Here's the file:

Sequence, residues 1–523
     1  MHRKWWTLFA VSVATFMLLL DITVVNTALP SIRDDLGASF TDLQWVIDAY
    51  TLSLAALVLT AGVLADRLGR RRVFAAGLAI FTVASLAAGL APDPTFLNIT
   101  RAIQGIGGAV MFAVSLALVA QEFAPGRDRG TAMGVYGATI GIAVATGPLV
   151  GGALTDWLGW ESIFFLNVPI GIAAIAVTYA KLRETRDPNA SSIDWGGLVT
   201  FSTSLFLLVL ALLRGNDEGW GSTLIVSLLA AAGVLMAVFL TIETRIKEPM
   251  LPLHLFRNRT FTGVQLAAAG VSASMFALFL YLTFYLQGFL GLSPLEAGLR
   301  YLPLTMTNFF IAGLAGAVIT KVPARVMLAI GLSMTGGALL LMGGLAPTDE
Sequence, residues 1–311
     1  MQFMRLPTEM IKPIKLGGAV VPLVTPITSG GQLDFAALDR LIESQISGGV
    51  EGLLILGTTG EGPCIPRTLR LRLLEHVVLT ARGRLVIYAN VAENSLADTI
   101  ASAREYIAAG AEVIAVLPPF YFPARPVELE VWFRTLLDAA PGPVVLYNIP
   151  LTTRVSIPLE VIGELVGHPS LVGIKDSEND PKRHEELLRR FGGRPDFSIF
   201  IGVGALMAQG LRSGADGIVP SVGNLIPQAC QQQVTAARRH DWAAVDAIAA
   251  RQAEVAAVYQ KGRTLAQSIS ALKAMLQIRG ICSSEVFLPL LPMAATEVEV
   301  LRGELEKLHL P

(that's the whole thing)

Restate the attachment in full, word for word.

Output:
Sequence, residues 1–523
     1  MHRKWWTLFA VSVATFMLLL DITVVNTALP SIRDDLGASF TDLQWVIDAY
    51  TLSLAALVLT AGVLADRLGR RRVFAAGLAI FTVASLAAGL APDPTFLNIT
   101  RAIQGIGGAV MFAVSLALVA QEFAPGRDRG TAMGVYGATI GIAVATGPLV
   151  GGALTDWLGW ESIFFLNVPI GIAAIAVTYA KLRETRDPNA SSIDWGGLVT
   201  FSTSLFLLVL ALLRGNDEGW GSTLIVSLLA AAGVLMAVFL TIETRIKEPM
   251  LPLHLFRNRT FTGVQLAAAG VSASMFALFL YLTFYLQGFL GLSPLEAGLR
   301  YLPLTMTNFF IAGLAGAVIT KVPARVMLAI GLSMTGGALL LMGGLAPTDE
Sequence, residues 1–311
     1  MQFMRLPTEM IKPIKLGGAV VPLVTPITSG GQLDFAALDR LIESQISGGV
    51  EGLLILGTTG EGPCIPRTLR LRLLEHVVLT ARGRLVIYAN VAENSLADTI
   101  ASAREYIAAG AEVIAVLPPF YFPARPVELE VWFRTLLDAA PGPVVLYNIP
   151  LTTRVSIPLE VIGELVGHPS LVGIKDSEND PKRHEELLRR FGGRPDFSIF
   201  IGVGALMAQG LRSGADGIVP SVGNLIPQAC QQQVTAARRH DWAAVDAIAA
   251  RQAEVAAVYQ KGRTLAQSIS ALKAMLQIRG ICSSEVFLPL LPMAATEVEV
   301  LRGELEKLHL P